2/28/2014NWPBIS Conference, Portland, OR46 Kowlowski, A. M., & Matson, J. L. (2012). Interview and observation methods in functional assessment. In J. L. Matson (Ed.), Functional Assessment for Challenging Behaviors (pp. 105-124, Chapter 7), Autism and Child Psychopathology Series. Philadelphia, PA: Springer Science + Business Media, LLC. Kunnavatana, S. S., Bloom, S. E., Smaha, A. L., & Dayton, E. (2013). Training teachers to conduct trial-based functional analysis. Behavior Modification, 37, 707-722. Lanovaz, M. J., Argumedes, M., Roy, D., Duquette, J. R., & Watkins, N. (2013). Using ABC narrative recording to identify the function of problem behavior: A pilot study. Research in Developmental Disabilities, 34, 2734-2742. Loman, S. L., & Horner, R. H. (2014). Examining the efficacy of a basic functional behavioral assessment training package for school personnel. Journal of Positive Behavior Interventions, 16, 18-30. Lydon, S., Healy, O., O'Reilly, M., & McCoy, A. (2013). A systematic review and evaluation of response redirection as a treatment for challenging behavior in individuals with developmental disabilities. Research in Developmental Disabilities, 34, 3148-3158. Massé, L., Couture, C., Levesque, V., & Bigén, J. (2013). Impact of a school consulting programme aimed at helping teachers intergrate students with behavioural difficulties into secondary school: Actors' points of view. Emotional and Behavioural Difficulties, 18, 327-343. Miller, F. G., & Lee, D. L. (2013). Do functional behavioral assessments improve intervention effectiveness for students diagnosed with ADHD? A single-subject meta- analysis. Journal of Behavioral Education, 22, 253-282.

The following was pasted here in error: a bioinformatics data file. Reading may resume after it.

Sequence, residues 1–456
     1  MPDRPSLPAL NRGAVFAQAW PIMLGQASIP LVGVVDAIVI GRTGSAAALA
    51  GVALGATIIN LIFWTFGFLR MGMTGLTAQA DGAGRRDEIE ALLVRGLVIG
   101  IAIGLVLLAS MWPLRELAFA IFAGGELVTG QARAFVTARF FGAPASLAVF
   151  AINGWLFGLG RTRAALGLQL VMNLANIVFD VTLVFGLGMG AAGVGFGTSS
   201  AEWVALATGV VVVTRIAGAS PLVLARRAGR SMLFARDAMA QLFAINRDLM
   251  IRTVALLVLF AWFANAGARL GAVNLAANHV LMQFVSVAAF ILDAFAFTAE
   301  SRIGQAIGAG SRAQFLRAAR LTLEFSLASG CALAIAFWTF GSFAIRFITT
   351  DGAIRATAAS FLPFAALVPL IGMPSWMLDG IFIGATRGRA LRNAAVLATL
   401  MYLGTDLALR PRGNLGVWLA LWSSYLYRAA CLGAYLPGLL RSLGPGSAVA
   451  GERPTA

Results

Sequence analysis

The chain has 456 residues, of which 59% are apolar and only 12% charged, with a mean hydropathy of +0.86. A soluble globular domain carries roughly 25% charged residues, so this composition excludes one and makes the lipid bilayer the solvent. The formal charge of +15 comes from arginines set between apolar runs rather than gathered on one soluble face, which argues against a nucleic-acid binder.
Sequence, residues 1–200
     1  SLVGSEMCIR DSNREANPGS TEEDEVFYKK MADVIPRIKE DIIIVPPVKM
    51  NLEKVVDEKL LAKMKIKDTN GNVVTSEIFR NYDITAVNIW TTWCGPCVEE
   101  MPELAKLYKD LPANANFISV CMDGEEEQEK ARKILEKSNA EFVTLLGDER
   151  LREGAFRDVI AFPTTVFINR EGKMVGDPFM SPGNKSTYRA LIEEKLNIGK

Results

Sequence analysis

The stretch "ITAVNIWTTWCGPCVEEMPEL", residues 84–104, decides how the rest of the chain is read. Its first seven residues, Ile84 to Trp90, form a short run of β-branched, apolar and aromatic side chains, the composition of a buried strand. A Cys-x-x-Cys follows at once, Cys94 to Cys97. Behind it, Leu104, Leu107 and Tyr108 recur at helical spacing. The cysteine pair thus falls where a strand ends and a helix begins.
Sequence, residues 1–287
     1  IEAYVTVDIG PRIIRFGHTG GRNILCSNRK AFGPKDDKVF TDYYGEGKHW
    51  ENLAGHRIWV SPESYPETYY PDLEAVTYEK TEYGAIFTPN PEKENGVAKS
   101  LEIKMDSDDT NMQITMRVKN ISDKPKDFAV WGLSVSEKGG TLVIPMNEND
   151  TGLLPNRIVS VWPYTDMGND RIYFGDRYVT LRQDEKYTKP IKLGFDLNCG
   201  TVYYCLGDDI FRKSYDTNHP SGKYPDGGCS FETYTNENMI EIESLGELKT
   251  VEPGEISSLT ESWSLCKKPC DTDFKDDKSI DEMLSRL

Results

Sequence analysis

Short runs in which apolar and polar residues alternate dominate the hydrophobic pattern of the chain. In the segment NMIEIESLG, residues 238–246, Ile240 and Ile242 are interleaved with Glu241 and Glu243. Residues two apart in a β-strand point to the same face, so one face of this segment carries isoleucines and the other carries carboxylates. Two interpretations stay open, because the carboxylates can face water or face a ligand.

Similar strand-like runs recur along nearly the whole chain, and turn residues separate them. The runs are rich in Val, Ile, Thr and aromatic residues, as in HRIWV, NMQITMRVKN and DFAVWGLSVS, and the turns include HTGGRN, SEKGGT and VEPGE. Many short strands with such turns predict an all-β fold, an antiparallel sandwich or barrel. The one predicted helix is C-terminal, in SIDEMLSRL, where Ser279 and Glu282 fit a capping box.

2/28/2014NWPBIS Conference, Portland, OR47 Nahgahgwon, K. N., Umbreit, J., Liaupsin, C. J., & Turton, A. M. (2010). Function-based planning for young children at risk for emotional and behavioral disorders. Education and Treatment of Children, 33(4), 537-559. O’Neill, R. E., Albin, R. W., Storey, K., Horner, R. H., & Sprague, J. R. (2015). Functional assessment and program development for problem behavior: A practical handbook, 3 rd Ed. Independence, KY: Cengage Learning. [Available NOW in a variety of formats (paperback, e-book, e-chapter, and rental) from Centgage Brain: http://www.cengagebrain.com/shop/en/US/storefront/US?cmd=CLHeaderSearch&fieldValue=O%27Neill ] http://www.cengagebrain.com/shop/en/US/storefront/US?cmd=CLHeaderSearch&fieldValue=O%27Neill Pence, S. T., St. Peter, C. C., & Giles, A. F. (2014). Teacher acquisition of functional analysis methods using pyramidal training. Journal of Behavioral Education, 23, 132- 149. Reeves, L. M., Umbreit, J., Ferro, J. B., & Liaupsin, C. J. (2013). Function-based intervention to support the inclusion of students with autism. Education and Training in Autism and Developmental Disabilities, 48, 379-391. Rooker, G. W., Iwata, B. A., Harper, J. M., Fahmie, T. A., & Camp, E. M. (2011). False- positive tangible outcomes of functional analyses. Journal of Applied Behavior Analysis, 44, 737-745.